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    ABSTRACT: Despite the importance of juxtaglomerular cell recruitment in the pathophysiology of cardiovascular diseases, the mechanisms that underlie renin production under conditions of chronic stimulation remain elusive. We have previously shown that CD44+ mesenchymal-like cells (CD44+ cells) exist in the adult kidney. Under chronic sodium deprivation, these cells are recruited to the juxtaglomerular area and differentiate to new renin-expressing cells. Given the proximity of macula densa to the juxtaglomerular area and the importance of macula densa released prostanoids in renin synthesis and release, we hypothesized that chronic sodium deprivation induces macula densa release of prostanoids, stimulating renal CD44+ cell activation and differentiation. CD44+ cells were isolated from adult kidneys and cocultured with the macula densa cell line, MMDD1, in normal or low-sodium medium. Low sodium stimulated prostaglandin E2 production by MMDD1 and induced migration of CD44+ cells. These effects were inhibited by addition of a cyclooxygenase 2 inhibitor (NS398) or an E-prostanoid receptor 4 antagonist (AH23848) to MMDD1 or CD44+ cells, respectively. Addition of prostaglandin E2 to CD44+ cells increased cell migration and induced renin expression. In vivo activation of renal CD44+ cells during juxtaglomerular recruitment was attenuated in wild-type mice subjected to salt restriction in the presence of cyclooxygenase 2 inhibitor rofecoxib. Similar results were observed in E-prostanoid receptor 4 knockout mice subjected to salt restriction. These results show that the prostaglandin E2/E-prostanoid receptor 4 pathway plays a key role in the activation of renal CD44+ mesenchymal stromal cell-like cells during conditions of juxtaglomerular recruitment; highlighting the importance of this pathway as a key regulatory mechanism of juxtaglomerular recruitment. © 2015 American Heart Association, Inc.
    Hypertension 03/2015; 65(5). DOI:10.1161/HYPERTENSIONAHA.114.04611 · 6.48 Impact Factor
  • Victor J Dzau · Harvey V Fineberg ·

    JAMA The Journal of the American Medical Association 01/2015; 313(2):143-4. DOI:10.1001/jama.2014.17660 · 35.29 Impact Factor
  • Victor J. Dzau · William F. ElLaissi · Krishna Udayakumar ·
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    ABSTRACT: To continue meeting their missions, academic health centers must make bold transformative changes. They must extensively reform their systems for care delivery and financing, improve the productivity of research, and reduce the cost of medical education. And they must foster innovation that yields "disruptive" technologies and approaches that can reduce costs and/or increase revenues.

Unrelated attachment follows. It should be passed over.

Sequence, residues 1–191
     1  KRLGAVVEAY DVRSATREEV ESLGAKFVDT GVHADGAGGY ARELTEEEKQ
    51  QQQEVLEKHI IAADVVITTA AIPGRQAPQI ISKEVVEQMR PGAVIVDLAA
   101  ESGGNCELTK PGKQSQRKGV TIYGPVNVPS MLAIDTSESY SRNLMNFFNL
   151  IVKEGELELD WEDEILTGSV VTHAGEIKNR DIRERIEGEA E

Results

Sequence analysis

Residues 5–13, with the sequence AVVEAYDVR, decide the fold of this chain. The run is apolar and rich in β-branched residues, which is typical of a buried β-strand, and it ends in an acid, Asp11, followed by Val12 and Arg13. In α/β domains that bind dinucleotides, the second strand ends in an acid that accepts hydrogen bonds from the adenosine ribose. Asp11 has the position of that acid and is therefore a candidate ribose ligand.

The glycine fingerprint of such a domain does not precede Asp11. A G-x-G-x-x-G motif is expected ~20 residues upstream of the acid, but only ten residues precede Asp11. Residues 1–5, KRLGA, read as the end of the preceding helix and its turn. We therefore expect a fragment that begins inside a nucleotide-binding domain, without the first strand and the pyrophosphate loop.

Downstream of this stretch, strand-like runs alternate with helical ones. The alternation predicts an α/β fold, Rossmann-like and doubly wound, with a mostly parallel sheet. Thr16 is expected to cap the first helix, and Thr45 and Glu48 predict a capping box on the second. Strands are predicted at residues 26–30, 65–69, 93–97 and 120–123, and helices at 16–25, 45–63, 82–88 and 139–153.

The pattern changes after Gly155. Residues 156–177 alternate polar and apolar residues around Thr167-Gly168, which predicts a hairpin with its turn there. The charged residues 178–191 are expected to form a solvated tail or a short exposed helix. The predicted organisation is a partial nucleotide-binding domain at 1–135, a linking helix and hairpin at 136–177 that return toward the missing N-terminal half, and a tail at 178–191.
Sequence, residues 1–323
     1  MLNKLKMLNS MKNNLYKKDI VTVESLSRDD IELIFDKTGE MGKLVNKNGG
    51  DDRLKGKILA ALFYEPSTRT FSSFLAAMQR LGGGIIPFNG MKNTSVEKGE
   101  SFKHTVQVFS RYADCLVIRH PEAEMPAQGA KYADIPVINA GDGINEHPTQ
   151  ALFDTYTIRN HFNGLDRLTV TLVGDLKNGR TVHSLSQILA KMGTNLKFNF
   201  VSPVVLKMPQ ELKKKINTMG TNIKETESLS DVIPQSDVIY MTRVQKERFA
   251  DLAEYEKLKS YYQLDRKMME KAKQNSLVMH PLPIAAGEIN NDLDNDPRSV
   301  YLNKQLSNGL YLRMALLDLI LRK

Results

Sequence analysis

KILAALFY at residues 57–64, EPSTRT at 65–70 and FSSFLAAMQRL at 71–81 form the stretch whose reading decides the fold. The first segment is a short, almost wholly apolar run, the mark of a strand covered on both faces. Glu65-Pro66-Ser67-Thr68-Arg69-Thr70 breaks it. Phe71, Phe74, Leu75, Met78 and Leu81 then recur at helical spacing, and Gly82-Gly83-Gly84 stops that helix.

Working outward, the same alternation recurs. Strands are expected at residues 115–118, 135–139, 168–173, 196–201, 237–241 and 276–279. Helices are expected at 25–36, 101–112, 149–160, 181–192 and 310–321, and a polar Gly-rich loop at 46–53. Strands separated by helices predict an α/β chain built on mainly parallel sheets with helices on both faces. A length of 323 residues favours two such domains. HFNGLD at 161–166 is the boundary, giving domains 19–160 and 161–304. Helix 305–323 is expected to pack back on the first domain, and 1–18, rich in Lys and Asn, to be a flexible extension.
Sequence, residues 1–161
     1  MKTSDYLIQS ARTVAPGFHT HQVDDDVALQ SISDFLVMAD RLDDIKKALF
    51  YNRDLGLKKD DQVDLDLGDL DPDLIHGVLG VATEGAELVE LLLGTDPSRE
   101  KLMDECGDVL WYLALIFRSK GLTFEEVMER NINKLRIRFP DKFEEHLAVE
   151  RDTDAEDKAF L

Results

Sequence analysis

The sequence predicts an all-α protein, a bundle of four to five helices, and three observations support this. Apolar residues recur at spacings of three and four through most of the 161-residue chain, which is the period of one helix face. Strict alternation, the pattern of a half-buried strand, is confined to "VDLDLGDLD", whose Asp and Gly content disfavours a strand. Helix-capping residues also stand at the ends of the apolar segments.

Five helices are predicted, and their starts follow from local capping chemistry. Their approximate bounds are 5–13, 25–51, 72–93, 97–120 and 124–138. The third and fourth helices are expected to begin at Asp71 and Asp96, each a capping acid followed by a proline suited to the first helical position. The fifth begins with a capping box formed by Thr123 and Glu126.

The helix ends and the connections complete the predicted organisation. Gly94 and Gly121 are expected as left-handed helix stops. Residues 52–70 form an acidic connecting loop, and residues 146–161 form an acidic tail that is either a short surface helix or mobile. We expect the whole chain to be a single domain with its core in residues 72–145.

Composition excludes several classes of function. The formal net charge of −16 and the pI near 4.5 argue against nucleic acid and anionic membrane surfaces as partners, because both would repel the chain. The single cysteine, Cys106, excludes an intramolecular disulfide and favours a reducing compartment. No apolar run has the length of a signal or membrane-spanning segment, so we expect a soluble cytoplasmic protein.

• Thomas Unger · Ulrike M. Steckelings · Victor J. Dzau ·
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    ABSTRACT: Since its discovery, 25 years ago, the angiotensin AT2 receptor (AT2R) has puzzled the scientific community because of its distinct -localization, regulation, signaling pathways, and biological effects separating it clearly from the classical features of the renin-angiotensin system (RAS) mediated by the angiotensin AT1 receptor. Intensive research over the years has revealed major characteristics of the AT2R as a modulatory player involved in antiproliferation, anti-inflammation, natriuresis, neuroregeneration, and apoptosis, that is, -biological programs that can counterbalance pathological processes and enable recovery from disease. The AT2R has thus mutated from an "-enigmatic" receptor to a significant member of the "protective arm" of the RAS. The recent development of novel, small molecule- and peptide-derived AT2R agonists offers a therapeutic potential in humans with a variety of clinical indications.
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    ABSTRACT: Around the world, innovative genomic-medicine programs capitalize on singular capabilities arising from local health care systems, cultural or political milieus, and unusual selected risk alleles or disease burdens. Such individual efforts might benefit from the sharing of approaches and lessons learned in other locales. The U.S. National Human Genome Research Institute and the National Academy of Medicine recently brought together 25 of these groups to compare projects, to examine the current state of implementation and desired near-term capabilities, and to identify opportunities for collaboration that promote the responsible practice of genomic medicine. Efforts to coalesce these groups around concrete but compelling signature projects should accelerate the responsible implementation of genomic medicine in efforts to improve clinical care worldwide.
    Science translational medicine 01/2015; 7(290):290ps13-290ps13. · 15.84 Impact Factor